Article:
Scandinavia (2021): From Thuringia to the North Cape and back


Finally the day of our Sweden highlight, the moose walk, had come. However, since we were way too early, we stopped a town early to stretch our legs. That’s how we ended up in Östersund, which seemed like a little gem. A relaxing park ran along the water, there were sculptures and statues here and there and as soon as we passed a major bridge we even saw an area with lots of fitness equipment, which of course personally impressed me. We actually wanted to continue to the next town after the moose walk, but we liked Östersund so much that we decided to come back here to spend the night.

Moose Garden

We reached Moose Garden about half an hour before the start of the walk. There wasn’t much to see of the moose yet, but we found ourselves on the ground floor of a larger house with lots of moose souvenirs and a small counter. Here we could also pay the entrance fee. We were suggested to go up one floor, where there were several seating areas in the form of sofas and armchairs, as well as a book corner. There was even a book there for learning Polish, which I gave Kevin directly 😉
We were among the first to arrive, but the area quickly filled with more and more people. Then it was finally time and the walk should start. We all gathered in front of said cottage where the owner introduced himself and gave us a little introduction. He explained that he is the second generation to run this place. So people thought his father was crazy when he started Moose Garden, but now it’s a huge success. The owner was particularly proud of a television team from Galileo from Germany, which once visited him here. Like his father, he claimed to be a bit crazy when it came to moose. He not only takes the moose for walks, but also makes products such as paper from moose droppings or soap from the fat in the animals’ fur. After this introduction, the actual walk began, although walking was a bit of an exaggeration. We walked about 150-200m to a shed with feeding troughs. The owner lured the moose with whistles and threw food into the troughs. Now you could pet the moose through the fence and take pictures. After the initial enthusiasm along the lines of “Oh look, there are mooses and you can pet them”, there was some disappointment. So I imagined a walk as something different than standing in a shed and squeezing through people to get the best photo or to be able to pet a moose. The joy was somewhat dampened, especially given the rather high price. Nevertheless, it was of course interesting to see moose up close, especially since we had already met many reindeer in the wild on the way, but not a single moose. After a while we went back to the cottage on our own, where we made ourselves comfortable in one of the seating areas and I drank a coffee before it, admittedly slightly disappointed that Sweden’s biggest highlight wasn’t such a big highlight , went back to Östersund.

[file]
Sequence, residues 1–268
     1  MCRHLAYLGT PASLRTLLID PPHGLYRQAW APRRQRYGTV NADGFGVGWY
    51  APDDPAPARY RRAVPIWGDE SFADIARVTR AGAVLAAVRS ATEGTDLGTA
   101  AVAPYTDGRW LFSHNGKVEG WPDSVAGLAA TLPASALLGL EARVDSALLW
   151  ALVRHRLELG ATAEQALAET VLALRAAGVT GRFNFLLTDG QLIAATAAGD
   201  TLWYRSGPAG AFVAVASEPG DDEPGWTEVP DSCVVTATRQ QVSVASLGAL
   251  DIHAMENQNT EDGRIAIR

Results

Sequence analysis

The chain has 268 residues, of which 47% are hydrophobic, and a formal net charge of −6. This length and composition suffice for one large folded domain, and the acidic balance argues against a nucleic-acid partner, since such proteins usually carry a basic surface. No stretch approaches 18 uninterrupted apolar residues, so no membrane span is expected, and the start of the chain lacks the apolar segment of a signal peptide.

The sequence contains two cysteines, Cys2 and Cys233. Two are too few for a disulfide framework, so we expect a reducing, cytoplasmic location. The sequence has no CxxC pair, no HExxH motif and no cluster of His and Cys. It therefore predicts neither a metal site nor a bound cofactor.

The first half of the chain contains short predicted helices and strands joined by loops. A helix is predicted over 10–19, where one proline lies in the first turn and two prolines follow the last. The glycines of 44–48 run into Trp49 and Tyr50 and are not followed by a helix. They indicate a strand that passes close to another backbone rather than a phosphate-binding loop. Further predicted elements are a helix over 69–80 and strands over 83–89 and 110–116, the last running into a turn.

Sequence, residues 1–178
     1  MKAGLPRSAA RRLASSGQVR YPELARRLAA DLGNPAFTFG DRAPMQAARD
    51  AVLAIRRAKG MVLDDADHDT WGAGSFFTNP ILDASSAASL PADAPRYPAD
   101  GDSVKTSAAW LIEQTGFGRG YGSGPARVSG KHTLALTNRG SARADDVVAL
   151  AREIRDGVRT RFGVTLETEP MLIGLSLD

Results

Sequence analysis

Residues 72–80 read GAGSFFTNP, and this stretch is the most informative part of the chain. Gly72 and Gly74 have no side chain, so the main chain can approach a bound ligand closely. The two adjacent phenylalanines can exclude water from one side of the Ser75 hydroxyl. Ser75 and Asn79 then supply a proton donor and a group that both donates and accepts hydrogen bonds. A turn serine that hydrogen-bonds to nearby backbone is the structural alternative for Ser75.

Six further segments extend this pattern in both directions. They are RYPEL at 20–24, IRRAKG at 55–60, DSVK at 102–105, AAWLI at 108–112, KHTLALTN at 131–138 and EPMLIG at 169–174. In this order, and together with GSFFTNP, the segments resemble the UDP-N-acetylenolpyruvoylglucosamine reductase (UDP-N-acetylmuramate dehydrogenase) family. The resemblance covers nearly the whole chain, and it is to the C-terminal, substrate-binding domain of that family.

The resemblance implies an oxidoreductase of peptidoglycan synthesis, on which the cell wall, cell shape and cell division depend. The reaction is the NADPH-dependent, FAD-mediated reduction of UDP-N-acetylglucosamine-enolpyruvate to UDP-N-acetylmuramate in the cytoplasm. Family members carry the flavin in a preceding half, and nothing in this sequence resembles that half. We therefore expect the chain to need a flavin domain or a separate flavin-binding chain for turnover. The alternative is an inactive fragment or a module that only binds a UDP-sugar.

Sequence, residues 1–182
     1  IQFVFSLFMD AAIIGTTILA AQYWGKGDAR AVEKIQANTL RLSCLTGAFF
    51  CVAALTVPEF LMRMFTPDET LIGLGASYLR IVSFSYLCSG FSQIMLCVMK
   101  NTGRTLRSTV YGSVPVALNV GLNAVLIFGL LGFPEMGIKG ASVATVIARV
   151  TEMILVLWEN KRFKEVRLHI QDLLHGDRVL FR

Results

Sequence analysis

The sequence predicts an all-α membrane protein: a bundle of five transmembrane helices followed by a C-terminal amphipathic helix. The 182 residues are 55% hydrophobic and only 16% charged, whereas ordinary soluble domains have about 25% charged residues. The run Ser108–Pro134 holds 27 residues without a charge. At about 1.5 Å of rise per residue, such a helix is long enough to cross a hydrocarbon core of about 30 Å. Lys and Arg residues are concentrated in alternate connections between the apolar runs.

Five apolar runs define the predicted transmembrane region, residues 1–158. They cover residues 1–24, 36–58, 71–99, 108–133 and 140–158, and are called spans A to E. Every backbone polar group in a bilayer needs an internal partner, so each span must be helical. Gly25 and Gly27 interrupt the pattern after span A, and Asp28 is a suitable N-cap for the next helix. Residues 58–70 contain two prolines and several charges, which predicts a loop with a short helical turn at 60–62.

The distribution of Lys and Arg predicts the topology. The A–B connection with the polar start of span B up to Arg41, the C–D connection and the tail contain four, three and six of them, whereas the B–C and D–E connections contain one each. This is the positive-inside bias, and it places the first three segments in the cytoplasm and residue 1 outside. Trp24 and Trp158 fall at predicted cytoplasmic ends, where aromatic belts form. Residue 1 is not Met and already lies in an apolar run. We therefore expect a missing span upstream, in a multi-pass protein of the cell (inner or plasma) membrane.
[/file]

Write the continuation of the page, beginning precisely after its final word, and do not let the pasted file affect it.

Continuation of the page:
Back in Ostersund

In Östersund we checked into a huge campsite where we again treated ourselves to the luxury of a room, although the room wasn’t quite as luxurious as the apartment in Dorotea. It was still low season so we had the entire complex of rooms to ourselves and didn’t have to share the two bathrooms and kitchen with anyone. We took a little walk across the large area of ​​the campsite and wondered what it would be like here when it’s high season and everything is full of people. We borrowed clubs and balls from reception and played a round of mini golf. At this point I would like to explicitly emphasize that I won this round. That’s so important to me because all the previous times I’ve played minigolf with Kevin, he’s always hit him, and sometimes even by a huge margin. Finally I went running again. I actually wanted to walk back to the park from the morning, but then I decided to go in the opposite direction to see something new. I found a picturesque path along the shore. Apparently Östersund has more than one pretty corner, which surprised us in a positive way.

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